Fake bombs don't make sniffer dogs smarter
Dogs that are trained with so-called "pseudo-explosives" cannot reliably sniff out real explosives, a study said.
New York: Dogs that are trained with so-called "pseudo-explosives" cannot reliably sniff out real explosives, a study said.
Genuine explosive materials are traditionally used to train dogs to detect explosives and to test their performance later on.
However, challenges arising from the acquisition, storage, handling and transport of explosives have motivated the development of "pseudo-explosive" or "pseudo-scent" training aids.
These products attempt to mimic the odour of real explosives yet remain non-hazardous.
"However, we found that dogs trained on pseudo-explosives performed poorly at detecting all but the pseudo-explosives they were trained on," said William Kranz from Indiana University-Purdue University Indianapolis (IUPUI).
"Similarly, dogs trained on actual explosives performed poorly at detecting all but the actual explosives on which they were trained," he said.
During the study, Kranz with Nicholas Strange and John Goodpaster tested how well a group of 17 dogs were able to locate three types of explosives and their pseudo-versions: single-base smokeless powder, 2,4,6-trinitrotoluene (commonly known as TNT) and a RDX-based plastic explosive.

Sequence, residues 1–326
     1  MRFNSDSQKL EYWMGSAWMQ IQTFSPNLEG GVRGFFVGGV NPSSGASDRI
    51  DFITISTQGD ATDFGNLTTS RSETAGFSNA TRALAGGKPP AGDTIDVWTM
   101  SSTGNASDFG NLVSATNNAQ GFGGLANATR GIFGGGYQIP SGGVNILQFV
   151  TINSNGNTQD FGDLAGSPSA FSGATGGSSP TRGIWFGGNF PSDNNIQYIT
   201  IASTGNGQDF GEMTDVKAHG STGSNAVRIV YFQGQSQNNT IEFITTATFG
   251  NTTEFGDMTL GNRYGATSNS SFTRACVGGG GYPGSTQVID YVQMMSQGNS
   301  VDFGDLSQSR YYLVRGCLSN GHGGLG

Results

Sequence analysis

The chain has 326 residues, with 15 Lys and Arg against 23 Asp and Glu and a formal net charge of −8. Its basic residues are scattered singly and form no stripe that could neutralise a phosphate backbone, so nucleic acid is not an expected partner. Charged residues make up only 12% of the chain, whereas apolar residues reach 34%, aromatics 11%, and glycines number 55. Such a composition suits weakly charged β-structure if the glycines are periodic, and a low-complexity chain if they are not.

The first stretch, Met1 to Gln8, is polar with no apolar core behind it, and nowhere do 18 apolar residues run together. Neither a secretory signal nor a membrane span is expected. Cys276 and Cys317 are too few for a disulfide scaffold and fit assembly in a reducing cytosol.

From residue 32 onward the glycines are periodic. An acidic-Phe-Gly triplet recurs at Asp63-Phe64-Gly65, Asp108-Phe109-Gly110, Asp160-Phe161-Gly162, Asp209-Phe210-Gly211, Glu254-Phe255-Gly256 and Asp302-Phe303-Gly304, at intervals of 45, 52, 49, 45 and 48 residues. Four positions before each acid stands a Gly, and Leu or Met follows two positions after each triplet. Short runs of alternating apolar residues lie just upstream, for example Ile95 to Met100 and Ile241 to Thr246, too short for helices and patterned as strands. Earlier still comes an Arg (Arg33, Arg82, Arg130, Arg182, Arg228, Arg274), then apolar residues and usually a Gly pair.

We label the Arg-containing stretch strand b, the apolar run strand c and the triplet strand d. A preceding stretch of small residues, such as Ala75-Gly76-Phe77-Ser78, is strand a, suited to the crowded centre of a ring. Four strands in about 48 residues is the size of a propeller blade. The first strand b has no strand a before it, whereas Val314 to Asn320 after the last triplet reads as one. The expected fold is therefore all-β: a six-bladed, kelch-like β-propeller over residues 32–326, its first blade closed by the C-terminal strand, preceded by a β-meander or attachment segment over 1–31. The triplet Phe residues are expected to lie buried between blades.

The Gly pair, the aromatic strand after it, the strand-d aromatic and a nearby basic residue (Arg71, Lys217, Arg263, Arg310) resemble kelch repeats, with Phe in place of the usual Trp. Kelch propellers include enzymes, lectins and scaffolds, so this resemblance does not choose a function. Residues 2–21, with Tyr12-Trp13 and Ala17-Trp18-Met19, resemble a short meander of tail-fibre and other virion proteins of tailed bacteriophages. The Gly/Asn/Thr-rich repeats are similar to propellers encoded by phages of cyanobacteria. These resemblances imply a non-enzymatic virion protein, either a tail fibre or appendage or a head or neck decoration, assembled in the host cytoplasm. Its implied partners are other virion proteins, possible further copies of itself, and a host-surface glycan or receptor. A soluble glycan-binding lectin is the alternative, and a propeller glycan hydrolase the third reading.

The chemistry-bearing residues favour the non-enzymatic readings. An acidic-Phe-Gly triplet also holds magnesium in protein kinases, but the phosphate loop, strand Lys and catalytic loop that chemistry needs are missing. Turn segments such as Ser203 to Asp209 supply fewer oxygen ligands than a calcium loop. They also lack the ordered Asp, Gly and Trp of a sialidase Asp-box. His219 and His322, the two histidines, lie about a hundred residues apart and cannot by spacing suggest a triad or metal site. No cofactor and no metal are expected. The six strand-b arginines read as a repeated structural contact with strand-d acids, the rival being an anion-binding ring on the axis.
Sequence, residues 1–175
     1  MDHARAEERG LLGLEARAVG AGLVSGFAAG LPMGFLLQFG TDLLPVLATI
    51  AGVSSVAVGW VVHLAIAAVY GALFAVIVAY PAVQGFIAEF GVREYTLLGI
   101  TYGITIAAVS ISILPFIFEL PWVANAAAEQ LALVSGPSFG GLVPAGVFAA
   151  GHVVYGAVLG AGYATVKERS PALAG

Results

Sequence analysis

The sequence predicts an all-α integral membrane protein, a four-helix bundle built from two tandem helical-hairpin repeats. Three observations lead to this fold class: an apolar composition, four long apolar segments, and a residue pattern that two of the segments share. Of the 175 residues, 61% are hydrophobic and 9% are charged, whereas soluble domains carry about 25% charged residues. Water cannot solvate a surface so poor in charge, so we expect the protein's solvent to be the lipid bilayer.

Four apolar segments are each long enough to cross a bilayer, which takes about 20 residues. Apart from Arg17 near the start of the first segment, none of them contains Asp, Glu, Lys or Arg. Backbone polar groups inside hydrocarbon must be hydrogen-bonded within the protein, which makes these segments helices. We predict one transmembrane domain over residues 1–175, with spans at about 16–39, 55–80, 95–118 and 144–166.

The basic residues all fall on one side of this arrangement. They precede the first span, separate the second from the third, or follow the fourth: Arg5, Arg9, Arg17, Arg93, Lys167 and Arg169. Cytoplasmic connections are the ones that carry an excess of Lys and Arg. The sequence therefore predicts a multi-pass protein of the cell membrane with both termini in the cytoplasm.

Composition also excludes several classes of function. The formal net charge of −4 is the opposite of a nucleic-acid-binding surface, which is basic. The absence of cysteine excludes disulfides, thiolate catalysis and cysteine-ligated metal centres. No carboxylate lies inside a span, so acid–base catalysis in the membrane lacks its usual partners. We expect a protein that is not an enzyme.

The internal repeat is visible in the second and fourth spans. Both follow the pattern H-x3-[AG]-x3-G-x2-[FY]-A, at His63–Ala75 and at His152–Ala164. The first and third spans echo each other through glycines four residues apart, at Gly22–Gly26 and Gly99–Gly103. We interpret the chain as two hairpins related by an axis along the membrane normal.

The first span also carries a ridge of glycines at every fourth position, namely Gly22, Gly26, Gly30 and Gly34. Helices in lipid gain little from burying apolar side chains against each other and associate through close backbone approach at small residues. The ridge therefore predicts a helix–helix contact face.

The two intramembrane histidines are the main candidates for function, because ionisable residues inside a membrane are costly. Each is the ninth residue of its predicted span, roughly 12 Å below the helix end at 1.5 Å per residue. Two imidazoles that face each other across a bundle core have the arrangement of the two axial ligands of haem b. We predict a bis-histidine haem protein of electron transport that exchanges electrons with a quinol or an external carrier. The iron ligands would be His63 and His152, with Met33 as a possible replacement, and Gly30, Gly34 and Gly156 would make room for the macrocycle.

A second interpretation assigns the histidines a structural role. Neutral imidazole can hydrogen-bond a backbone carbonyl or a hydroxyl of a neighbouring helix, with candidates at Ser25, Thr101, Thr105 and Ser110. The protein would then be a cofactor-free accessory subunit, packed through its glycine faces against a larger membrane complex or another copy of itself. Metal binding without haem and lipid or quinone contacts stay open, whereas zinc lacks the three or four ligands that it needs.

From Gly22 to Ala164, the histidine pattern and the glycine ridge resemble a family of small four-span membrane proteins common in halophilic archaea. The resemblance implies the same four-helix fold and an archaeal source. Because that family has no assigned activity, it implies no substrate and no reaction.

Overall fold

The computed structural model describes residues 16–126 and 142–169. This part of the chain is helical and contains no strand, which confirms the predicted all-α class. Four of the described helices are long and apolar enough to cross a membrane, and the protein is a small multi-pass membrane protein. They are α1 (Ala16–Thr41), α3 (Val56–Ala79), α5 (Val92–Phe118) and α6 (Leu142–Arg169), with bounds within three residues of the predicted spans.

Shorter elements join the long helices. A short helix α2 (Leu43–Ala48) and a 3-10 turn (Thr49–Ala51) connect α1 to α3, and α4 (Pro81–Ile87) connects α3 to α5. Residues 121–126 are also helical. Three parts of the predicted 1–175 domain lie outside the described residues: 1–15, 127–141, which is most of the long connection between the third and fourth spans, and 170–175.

In general, dogs trained on simulated explosives could sniff out the genuine article only 14 percent of the time.
Similarly, dogs trained on real explosives responded to pseudo-explosives only 16 percent of the time.
"In fact, animals only had a nose for the materials upon which they were trained. For example, dogs trained on real explosives were able to locate them 81 percent of the time. Dogs trained with the pseudo-explosive versions had a very similar success rate of 88 percent," Goodpaster said.
The findings were published in Springer's journal Analytical and Bioanalytical Chemistry.